Crime Library: Criminal Minds and Methods

H. H. Holmes: Master of Illusion

His Own Defense

Holmes' request to defend himself, Schechter says, was unprecedented. No accused murderer had done it before in the United States, so several lawyers and law students attended. A reporter for The Philadelphia Inquirer described Holmes' performance in court as vigorous and "remarkable." He was deferential to the judge but nasty to the prosecutor. He asked for an analysis of the liquid that he was accused of using as a poison for the children (which the D.A. did not have in his possession), and he wanted the most recent work done on toxicology, claiming that as a doctor, he himself could analyze it (though his credentials were false). This left the impression of a man who was prepared to use science to exonerate himself.

Herman Mudgett, aka H.H. Holmes, sketch
Herman Mudgett, aka H.H.
Holmes, sketch

Yet, Holmes often deflected the questioning with forays into minutia, and he frequently squabbled with the prosecutor, who was likely disturbed at having to spar in court as an equal with the defendant. Holmes made an error when, after Pitezel's corpse was described in gruesome detail, he requested a lunch break, as he was hungry. He appeared to have no sense of sorrow over the supposed suicide of a partner and friend. For the rest of that day, while he handled his questioning in a professional manner, he failed to elicit any points to support his innocence. The professional witnesses all concluded that Pitezel could not, as Holmes claimed, have committed suicide.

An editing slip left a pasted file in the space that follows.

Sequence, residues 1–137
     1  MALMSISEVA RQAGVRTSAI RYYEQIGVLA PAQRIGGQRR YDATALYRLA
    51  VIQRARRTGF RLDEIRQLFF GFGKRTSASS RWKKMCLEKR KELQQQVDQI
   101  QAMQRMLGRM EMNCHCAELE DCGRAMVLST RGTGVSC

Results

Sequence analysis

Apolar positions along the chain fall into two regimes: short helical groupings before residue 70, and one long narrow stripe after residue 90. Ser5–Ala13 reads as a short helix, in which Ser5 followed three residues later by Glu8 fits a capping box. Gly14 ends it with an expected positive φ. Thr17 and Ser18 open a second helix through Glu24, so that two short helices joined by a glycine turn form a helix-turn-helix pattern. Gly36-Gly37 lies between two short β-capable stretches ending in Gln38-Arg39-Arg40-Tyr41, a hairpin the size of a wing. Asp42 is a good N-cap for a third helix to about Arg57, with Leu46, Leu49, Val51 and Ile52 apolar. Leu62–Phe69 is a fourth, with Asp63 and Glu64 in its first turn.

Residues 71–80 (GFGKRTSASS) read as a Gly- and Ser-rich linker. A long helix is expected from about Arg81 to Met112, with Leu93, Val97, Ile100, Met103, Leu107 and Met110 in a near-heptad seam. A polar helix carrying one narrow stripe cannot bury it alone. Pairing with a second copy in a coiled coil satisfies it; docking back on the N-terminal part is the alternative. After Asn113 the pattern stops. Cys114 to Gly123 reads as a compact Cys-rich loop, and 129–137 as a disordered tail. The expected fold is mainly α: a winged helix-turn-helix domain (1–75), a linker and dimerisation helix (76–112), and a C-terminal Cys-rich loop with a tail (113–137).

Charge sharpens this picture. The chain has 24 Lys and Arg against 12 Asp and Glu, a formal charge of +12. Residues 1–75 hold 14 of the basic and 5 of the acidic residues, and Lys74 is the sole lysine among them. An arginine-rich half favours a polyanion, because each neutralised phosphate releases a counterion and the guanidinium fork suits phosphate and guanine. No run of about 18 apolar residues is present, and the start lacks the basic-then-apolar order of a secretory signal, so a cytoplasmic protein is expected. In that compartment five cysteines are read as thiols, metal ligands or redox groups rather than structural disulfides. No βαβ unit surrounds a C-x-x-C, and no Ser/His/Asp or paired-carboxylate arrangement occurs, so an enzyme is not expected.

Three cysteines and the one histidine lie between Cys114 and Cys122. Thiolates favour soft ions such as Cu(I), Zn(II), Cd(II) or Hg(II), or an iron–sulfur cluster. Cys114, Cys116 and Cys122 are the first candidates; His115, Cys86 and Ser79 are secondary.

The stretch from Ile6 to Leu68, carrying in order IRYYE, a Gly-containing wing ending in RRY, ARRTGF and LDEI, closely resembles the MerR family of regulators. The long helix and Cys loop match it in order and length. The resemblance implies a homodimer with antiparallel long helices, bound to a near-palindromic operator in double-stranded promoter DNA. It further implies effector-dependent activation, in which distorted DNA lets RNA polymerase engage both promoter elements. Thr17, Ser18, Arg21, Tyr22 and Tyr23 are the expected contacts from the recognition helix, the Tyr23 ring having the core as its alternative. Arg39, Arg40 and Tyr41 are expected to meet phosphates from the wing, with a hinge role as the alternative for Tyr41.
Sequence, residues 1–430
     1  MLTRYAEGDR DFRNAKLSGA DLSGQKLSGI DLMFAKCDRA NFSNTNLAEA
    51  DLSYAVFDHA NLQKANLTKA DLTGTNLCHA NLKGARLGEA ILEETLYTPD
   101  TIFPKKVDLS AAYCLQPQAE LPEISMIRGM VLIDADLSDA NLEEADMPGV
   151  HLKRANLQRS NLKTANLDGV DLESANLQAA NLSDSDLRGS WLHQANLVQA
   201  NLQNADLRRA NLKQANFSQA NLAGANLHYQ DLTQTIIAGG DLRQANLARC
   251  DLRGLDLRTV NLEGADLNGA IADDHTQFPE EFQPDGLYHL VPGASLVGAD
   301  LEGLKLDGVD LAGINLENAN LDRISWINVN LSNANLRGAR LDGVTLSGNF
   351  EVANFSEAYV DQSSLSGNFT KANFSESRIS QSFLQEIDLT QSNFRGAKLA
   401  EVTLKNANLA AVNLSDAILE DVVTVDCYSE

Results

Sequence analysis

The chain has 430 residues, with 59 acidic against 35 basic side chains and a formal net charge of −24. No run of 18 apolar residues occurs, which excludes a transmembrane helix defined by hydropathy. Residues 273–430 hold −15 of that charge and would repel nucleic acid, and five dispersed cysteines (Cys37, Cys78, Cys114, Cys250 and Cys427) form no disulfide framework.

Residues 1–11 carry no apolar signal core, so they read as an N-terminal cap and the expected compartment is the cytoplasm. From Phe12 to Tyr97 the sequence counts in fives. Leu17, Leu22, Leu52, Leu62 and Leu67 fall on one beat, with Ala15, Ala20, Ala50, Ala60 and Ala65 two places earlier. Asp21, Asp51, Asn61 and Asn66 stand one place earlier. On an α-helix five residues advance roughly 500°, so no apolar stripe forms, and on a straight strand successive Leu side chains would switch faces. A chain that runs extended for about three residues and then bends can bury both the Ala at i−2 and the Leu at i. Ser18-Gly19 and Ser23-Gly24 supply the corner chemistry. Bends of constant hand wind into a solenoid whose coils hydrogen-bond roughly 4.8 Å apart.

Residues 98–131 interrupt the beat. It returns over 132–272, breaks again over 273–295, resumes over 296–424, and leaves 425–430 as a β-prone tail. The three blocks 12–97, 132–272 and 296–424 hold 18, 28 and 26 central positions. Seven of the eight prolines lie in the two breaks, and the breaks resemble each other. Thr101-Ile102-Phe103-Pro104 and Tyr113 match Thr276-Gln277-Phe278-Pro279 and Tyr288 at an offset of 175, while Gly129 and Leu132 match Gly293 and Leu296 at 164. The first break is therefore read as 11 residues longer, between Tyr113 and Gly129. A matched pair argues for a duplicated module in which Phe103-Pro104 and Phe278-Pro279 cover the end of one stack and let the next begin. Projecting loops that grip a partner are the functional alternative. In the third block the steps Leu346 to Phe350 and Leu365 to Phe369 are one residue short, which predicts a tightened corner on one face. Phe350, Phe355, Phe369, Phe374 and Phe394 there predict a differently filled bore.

The judge ordered an evening session over Holmes's protest. Holmes claimed that he was feeling ill, but it was clear that he was failing to establish his case. The evening session opened with a surprise: Holmes asked that the court allow his two defense attorneys to re-enter the case, and with that he relinquished his role as a criminal lawyer. While he now had competent counsel, he had probably hurt his case. Between his antics and his obvious fatigue by the end of the first day, the jury had a good look at the defendant's loss of confidence and inability to shake the strongest witnesses. He may not have admitted his guilt, but his actions indicated that he had admitted defeat. He got up only once to examine another witness - his latest paramour and third wife, who testified against him. Using a heavy dose of emotion, as if stricken by her betrayal, he nevertheless failed to move her to change her testimony about his behavior on the day that Pitezel was allegedly murdered.

The prosecution made its case quite elaborately, prepared to show his activities with 35 witnesses from the various places Holmes had gone after the Pitezel murder. But the judge had ruled that the trial must be limited to the Pitezel murder, so Graham showed how they made Pitezel's identification, and adding in whatever they were allowed about Holmes' reprehensible behavior. They proved with doctors that the chloroform that had supposedly killed Pitezel by self-administration actually had been forced into him after he was already dead. So Pitezel was dead and had not died from natural causes or his own hand. Given Holmes' admissions about being with him, there was really no other choice for jurors. In addition, Carrie Pitezel had won the courtroom with her mournful rendition of learning that her children were dead. In his closing argument, which lasted more than two hours, Graham called Holmes the "most dangerous man in the world," and asked jurors not to be afraid to do their duty and operate like "honest men."

In the end, the jury convicted Holmes of Benjamin Pitezel's murder and the judge sentenced him to death by hanging.

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